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Utility Diversification: Munis Find Cable TV a Costly Business

Fortnightly Magazine - September 15 1998

$30 million. The city rejected TCI's offer. "He came back to talk us out of it," says Councilman Steve Kirby. "He didn't have anything to put on the table. "

Councilwoman Dolores Silas represents one of the economically disadvantaged parts of town. "TCI was not giving us the best service," she says. "Seattle was getting 60 channels versus our 20 channels." Silas did not appear concerned about philosophical questions related to public-private competition, nor the role of regulation and taxation. Nor did she mention the risk of electric ratepayers subsidizing CATV. "The citizens will get better service," she says. "Now, TCI is putting in additional services. I see them everywhere in my part of town now, and we never saw them down here before."

Steve Kipp, a TCI spokesman, acknowledged that TCI is now investing "tens of millions of dollars" in its local cable system. The Seattle/Tacoma area is one of two areas in the U.S. where TCI is testing its @Home Network telecommunications products. The other is the San Francisco Bay area, where TCI is confronting municipal plans to enter CATV.

"TCI is going to get better; Tacoma Public Utilities is going to get better," says Councilman Kirby. "We're all going to benefit." Unless, of course, AT&T Communications Services - the combined AT&T/TCI telecommunications provider envisioned under the proposed merger of the two giants - should gain enough market share to defeat the municipal cable system.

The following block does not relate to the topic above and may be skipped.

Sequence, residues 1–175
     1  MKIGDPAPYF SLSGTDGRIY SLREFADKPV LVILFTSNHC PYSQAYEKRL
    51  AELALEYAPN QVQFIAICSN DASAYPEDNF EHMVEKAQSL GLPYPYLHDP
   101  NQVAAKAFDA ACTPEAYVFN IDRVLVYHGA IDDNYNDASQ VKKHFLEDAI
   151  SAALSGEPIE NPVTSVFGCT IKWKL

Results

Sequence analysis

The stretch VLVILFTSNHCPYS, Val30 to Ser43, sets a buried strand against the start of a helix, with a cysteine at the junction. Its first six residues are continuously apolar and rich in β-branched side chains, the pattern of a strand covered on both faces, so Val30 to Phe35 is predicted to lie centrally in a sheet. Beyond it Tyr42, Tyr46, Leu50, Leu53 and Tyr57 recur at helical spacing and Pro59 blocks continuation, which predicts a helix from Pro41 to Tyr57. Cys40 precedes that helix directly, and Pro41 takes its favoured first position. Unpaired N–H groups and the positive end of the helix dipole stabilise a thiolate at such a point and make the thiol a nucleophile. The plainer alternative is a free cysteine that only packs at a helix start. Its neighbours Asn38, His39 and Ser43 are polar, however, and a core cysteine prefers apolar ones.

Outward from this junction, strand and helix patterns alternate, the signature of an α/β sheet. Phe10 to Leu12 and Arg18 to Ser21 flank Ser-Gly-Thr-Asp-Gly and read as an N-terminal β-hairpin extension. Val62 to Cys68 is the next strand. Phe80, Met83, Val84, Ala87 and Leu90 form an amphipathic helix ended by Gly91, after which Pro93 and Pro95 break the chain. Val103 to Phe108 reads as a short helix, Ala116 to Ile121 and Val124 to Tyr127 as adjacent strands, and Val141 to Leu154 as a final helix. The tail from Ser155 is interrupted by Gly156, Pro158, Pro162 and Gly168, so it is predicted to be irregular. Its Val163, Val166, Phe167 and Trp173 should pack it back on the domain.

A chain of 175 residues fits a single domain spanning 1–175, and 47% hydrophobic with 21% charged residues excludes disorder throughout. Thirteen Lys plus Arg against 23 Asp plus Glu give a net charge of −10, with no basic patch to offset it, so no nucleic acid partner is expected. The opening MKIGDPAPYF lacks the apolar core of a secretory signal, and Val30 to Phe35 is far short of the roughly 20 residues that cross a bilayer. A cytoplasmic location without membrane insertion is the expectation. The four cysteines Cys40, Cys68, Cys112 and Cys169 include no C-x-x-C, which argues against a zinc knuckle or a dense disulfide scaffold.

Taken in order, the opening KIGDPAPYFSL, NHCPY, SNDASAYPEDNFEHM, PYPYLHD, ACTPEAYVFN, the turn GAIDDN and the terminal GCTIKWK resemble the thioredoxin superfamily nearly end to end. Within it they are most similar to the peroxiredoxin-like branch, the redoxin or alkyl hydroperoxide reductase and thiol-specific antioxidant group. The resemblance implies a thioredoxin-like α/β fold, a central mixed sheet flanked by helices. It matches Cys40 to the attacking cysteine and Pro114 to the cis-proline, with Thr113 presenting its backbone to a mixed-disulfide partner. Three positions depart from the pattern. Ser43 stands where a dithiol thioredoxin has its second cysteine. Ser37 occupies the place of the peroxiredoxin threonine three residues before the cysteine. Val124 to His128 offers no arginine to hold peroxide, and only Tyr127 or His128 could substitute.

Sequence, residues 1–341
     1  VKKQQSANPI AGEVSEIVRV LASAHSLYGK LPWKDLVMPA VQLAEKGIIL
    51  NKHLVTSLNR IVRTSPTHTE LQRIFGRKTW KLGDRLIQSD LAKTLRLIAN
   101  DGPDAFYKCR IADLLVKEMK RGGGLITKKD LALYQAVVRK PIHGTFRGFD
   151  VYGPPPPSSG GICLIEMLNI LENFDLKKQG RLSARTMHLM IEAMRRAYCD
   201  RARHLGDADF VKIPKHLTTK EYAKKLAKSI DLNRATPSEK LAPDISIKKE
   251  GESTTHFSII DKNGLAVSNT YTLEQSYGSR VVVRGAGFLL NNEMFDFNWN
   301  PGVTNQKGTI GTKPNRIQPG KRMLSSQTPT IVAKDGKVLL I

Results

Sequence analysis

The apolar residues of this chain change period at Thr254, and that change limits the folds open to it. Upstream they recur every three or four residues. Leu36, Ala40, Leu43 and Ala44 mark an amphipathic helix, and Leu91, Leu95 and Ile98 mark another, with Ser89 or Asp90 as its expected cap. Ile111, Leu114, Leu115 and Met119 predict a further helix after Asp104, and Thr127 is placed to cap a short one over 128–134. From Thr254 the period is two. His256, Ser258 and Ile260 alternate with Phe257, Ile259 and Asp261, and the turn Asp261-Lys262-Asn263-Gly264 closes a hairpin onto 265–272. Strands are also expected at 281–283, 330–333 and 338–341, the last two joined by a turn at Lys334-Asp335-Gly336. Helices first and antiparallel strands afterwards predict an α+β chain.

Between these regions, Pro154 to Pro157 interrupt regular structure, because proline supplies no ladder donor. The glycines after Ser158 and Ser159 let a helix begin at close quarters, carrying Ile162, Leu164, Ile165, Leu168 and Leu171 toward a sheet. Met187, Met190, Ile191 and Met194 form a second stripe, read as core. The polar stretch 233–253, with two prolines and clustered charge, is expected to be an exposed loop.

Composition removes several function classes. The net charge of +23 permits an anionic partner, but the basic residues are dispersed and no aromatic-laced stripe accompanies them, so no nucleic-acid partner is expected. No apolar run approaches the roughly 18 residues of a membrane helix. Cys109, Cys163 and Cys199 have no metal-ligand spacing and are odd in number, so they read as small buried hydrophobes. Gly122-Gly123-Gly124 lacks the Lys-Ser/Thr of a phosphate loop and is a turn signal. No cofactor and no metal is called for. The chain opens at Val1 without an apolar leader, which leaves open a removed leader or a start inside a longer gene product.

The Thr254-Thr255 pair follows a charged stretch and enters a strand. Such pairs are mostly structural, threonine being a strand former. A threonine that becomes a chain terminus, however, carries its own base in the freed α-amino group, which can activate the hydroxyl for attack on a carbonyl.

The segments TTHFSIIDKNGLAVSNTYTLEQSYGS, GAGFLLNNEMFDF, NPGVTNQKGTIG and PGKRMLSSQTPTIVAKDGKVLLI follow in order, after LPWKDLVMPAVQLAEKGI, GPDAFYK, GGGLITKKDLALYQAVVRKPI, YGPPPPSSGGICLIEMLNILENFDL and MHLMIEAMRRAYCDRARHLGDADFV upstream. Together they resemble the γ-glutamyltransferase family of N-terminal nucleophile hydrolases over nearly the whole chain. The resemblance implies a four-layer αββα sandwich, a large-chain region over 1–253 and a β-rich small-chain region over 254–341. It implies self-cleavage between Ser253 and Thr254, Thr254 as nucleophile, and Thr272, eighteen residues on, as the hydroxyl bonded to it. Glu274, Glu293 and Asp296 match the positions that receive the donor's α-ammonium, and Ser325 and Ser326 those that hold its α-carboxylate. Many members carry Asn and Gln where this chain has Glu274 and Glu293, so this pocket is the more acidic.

After construction started in Tacoma, costs ballooned to $100 million as the accounting firm predicted. The municipal cable operation is now negotiating a cable franchise with the city, according to Klein. "The city is making efforts to maintain parity between TCI and Tacoma Public Utilities," Klein says. "What we all want is a healthy, competitive marketplace without cross-subsidization."

Singleton, former utility board president, says that competition is the important issue. "It will provide additional competition in a previously stagnant market," he says. "TCI's record of service was generally not good in this market." The board will monitor the project to assure cross-subsidization doesn't take place, and as a fall-back position, the city can always sell the broadband network if projected profits do not materialize.

Alameda: Sinking In Costs?

Alameda, Calif., bills itself as the Island City. It prides itself on having "an island consciousness." In 1887, the city bought the Jenny Electric Co., becoming the first municipal electric utility in California. Now, the Bureau of Electricity is speeding onto the information highway, laying fiber-optic cable despite city charter provisions prohibiting it from entering businesses other than electric service.

Like the other munis, Alameda says it needs the fiber network for SCADA and might as well make use of unused bandwidth. "We had to put in fiber for command and control of our utility system, and the business plan grew out of that," says Matt McCabe, the utility's public information officer. The bureau installed four miles of fiber cable in one high-tech business park, one mile in another, and began leasing bandwidth on the network despite the city charter prohibition. The project came to the city